Ingo Metzmacher was the conductor, new to the Philharmonic although he led a creditable Così fan tutte with the L.A. Opera some time ago. His luggage this time included the Trumpet Concerto by Zimmermann, with Hakan Hardenberger as soloist, and the Sixth Symphony by Hartmann: works composed almost simultaneously, in 1953 and ’54. Both composers were sorely bruised by the war: Hartmann, the energetic, athletic classicist who dabbled in atonality but left music of gripping, neo-romantic expressiveness; Zimmermann, the neurotic, banner-waving activist who took his life in 1970, at 52.
Zimmermann’s concerto, like his stupendous opera Die Soldaten, stands for a disturbed postwar Germany torn in many directions. Jazz plays a part, a heavy-handed, posturing kind. The old tune “Nobody Knows de Trouble I See” is referenced, but tentatively; its melodic gambit, the descending major sixth, could just as easily pass for Chopin’s Andante Spianato or Louise’s pretty aria “Depuis le jour.” The solo writing is kicky, a meal for the great Hardenberger, but the work is more about incertitude than resolve — understandable in light of Zimmermann’s fate.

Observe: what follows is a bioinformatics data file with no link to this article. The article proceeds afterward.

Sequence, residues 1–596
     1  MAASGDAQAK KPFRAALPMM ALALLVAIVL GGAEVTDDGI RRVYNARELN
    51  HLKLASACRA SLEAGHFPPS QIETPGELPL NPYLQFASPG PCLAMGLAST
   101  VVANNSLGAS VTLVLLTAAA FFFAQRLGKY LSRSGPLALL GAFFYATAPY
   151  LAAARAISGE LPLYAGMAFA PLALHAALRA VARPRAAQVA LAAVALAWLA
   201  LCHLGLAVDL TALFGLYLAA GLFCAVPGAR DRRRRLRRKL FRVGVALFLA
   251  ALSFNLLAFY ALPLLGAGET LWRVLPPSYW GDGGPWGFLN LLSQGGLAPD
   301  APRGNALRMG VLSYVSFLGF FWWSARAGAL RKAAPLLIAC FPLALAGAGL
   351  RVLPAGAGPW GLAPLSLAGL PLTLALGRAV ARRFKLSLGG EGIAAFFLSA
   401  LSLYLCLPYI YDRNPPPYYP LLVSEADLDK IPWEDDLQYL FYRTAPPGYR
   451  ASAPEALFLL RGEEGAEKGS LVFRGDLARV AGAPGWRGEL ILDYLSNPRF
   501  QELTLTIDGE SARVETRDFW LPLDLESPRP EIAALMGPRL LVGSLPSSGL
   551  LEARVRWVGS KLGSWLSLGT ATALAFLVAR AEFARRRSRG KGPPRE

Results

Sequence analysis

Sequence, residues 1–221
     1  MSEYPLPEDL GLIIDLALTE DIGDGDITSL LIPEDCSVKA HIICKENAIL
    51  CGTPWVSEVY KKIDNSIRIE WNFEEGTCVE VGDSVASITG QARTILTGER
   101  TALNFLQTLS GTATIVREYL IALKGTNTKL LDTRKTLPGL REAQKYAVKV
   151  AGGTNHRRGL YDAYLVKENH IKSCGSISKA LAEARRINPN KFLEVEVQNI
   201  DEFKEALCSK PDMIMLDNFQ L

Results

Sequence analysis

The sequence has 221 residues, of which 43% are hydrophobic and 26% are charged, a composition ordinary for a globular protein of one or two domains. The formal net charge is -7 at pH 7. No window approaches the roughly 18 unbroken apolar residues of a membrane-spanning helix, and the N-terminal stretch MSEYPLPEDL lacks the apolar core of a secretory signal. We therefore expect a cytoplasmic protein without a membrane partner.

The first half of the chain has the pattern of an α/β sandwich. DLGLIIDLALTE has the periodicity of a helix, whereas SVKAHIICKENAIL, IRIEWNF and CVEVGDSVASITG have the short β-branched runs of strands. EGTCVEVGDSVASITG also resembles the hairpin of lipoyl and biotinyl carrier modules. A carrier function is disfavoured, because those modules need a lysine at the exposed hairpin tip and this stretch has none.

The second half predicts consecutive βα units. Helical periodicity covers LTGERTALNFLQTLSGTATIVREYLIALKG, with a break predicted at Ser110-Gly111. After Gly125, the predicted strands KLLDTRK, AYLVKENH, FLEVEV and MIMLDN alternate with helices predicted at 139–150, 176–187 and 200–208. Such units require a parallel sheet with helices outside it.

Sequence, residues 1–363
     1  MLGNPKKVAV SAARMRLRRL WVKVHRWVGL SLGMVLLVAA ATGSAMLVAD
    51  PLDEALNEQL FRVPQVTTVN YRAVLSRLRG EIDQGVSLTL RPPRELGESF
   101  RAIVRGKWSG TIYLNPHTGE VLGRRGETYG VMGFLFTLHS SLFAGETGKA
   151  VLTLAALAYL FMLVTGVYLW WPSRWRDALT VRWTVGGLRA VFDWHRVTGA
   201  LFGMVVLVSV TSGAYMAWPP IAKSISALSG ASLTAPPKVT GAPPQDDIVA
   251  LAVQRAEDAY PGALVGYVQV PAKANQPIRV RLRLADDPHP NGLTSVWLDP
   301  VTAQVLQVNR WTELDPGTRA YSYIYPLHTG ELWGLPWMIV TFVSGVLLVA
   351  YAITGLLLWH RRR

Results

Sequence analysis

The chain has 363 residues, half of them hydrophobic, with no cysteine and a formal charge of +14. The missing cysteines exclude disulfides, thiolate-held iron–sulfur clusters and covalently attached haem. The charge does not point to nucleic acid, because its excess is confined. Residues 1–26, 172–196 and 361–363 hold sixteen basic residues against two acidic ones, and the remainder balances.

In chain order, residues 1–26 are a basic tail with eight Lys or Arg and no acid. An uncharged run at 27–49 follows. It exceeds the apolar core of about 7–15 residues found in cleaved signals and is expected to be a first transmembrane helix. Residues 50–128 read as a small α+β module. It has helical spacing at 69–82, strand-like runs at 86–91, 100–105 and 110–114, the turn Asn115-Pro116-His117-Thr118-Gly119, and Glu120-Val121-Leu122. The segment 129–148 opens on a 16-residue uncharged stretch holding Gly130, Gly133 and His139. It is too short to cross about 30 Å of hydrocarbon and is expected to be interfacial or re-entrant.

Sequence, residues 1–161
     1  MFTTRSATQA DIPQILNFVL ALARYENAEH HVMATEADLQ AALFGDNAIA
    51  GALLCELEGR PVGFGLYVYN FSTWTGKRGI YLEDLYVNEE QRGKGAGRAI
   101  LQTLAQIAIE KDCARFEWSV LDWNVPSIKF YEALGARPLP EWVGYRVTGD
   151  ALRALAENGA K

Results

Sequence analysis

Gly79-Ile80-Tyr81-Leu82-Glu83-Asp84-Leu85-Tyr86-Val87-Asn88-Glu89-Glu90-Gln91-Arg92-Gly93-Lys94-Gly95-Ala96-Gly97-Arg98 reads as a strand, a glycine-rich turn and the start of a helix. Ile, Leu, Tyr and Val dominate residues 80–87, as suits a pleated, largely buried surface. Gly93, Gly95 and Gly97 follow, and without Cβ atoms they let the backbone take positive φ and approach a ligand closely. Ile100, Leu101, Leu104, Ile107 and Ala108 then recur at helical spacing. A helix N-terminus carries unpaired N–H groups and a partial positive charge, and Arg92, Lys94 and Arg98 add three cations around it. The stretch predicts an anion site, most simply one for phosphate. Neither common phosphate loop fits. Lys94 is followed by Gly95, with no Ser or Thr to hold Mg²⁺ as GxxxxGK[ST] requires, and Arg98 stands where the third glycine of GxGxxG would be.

The Hartmann — and perhaps one or two others among his eight solid if a trifle stolid symphonies — deserves its place in its century’s memorable works. Its finale, razzle-dazzle under Metzmacher’s sure, knowing direction, delivers three fugues one by one and then runs them simultaneously in a breathless outpouring of sheer complexity. You could almost see old J.S. Bach smiling in the wings; his truth goes marching on.